If you don't see a spark on the tester, there may be a problem with the ignition coil of the flywheel to which it's attached. The ignition coil doesn't frequently develop problems, but the connection between the flywheel and coil or between the starting pulley and flywheel can wear out, and the coil may not be turning.
WD-40 removes carbon residue and keeps moisture away from spark plugs and spark plug wires. WD stands for Water Displacement, so if your spark plugs are wet or you need to drive moisture away from ignition distributors, for example, WD-40 is a product you should have handy!
Your local Toro service dealer is the best place to get the correct replacement spark plug for your machine. Bring your machine's model and serial number so you're sure to get the right plug. Today's spark plugs come pre-gapped, but it's a good idea to double check this before installation.
A dirty or fouled spark plug can cause your lawn mower to not start. It can also work itself loose, causing issues. If the spark plug appears to be seated correctly but the engine doesn't start, a new one may be in order.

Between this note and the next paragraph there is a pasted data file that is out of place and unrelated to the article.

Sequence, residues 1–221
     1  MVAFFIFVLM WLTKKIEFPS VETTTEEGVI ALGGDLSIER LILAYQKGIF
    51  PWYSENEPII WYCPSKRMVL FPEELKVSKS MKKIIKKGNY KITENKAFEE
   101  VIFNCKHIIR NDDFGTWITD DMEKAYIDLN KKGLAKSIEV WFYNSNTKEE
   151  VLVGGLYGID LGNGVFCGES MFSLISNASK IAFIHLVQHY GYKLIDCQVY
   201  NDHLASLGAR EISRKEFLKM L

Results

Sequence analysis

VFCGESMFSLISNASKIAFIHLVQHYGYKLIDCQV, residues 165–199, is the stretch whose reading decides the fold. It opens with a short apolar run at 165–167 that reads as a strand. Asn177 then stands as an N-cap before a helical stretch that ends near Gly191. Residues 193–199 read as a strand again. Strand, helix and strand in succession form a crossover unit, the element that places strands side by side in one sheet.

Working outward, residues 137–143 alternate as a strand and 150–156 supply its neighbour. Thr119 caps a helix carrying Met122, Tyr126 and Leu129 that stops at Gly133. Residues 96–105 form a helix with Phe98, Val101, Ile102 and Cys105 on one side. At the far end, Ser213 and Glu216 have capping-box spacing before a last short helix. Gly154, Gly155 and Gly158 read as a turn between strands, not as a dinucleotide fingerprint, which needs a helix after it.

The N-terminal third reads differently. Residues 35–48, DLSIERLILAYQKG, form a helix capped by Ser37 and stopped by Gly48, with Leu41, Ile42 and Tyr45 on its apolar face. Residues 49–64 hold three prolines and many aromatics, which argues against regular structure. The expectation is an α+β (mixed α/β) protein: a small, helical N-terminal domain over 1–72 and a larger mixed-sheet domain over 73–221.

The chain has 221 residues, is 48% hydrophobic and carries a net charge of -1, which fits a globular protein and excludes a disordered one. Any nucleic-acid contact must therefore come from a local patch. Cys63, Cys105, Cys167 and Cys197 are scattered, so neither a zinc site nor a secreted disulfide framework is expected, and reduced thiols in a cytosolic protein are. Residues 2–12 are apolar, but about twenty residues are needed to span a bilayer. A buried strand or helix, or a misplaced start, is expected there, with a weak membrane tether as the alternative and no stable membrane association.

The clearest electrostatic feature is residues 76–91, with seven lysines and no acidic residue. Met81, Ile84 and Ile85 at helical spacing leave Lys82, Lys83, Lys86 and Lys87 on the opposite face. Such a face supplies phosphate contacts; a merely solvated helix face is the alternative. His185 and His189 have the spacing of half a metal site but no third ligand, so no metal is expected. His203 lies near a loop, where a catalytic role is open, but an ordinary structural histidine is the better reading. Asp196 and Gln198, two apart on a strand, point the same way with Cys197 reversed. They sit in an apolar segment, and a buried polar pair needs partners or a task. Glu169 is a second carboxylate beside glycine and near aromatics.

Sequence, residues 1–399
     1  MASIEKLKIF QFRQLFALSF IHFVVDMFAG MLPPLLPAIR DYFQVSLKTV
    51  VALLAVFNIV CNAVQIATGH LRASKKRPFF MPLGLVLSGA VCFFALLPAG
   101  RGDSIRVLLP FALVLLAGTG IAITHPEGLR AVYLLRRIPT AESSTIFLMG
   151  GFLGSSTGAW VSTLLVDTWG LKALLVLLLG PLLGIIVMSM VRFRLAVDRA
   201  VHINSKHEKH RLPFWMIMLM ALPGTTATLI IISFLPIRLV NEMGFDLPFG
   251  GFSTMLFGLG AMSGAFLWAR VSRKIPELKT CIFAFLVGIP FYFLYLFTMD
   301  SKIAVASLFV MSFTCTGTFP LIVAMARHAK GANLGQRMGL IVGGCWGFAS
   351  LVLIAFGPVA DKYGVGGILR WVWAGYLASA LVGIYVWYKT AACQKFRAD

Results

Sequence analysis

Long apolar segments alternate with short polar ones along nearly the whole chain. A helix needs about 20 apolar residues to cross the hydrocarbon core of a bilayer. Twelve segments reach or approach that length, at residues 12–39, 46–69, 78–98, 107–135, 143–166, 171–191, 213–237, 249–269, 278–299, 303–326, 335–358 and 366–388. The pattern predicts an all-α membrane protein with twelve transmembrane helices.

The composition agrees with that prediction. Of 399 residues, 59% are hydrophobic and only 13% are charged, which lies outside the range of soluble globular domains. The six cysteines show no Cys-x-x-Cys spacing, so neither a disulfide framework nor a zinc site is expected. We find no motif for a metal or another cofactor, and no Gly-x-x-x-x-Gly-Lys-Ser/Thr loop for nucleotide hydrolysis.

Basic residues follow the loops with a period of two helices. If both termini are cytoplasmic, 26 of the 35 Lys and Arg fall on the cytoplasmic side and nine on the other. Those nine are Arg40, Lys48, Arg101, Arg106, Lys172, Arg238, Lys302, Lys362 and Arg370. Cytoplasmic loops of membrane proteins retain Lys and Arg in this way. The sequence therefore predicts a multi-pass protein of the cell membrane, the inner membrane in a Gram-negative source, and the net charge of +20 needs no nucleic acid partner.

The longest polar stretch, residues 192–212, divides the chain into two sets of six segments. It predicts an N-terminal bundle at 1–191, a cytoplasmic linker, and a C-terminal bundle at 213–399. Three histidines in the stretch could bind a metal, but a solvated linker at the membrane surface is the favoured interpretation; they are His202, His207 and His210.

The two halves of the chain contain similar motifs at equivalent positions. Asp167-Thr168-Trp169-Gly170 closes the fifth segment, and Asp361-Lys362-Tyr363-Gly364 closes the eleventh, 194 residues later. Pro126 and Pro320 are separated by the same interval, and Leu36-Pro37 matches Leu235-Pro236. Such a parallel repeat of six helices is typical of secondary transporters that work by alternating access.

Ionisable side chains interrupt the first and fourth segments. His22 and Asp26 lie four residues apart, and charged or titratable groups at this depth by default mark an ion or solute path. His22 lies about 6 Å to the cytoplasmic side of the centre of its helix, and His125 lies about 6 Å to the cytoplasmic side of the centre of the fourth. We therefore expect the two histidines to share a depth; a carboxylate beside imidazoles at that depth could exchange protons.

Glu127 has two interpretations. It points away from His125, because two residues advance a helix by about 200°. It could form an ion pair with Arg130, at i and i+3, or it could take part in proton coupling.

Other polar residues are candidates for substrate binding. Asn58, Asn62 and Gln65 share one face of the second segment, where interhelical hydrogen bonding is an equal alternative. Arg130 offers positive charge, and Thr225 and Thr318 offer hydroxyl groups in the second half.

Spark plugs that are gapped incorrectly can cause an engine to miss, or run erratically, especially during idle. The incorrect spark plug gaps can cause uneven firing of individual spark plugs and delay engine combustion; both of which can cause an engine to miss or idle erratically.
The most common reason for why your riding mower will turn over but not start is likely due to bad gas or a dirty carburetor. You can usually fix the problem by removing and cleaning out the carburetor and making sure that your gas is fresh. There are carb cleaners you can purchase to help you with this.Share to:FacebookTwitterPinterestEmail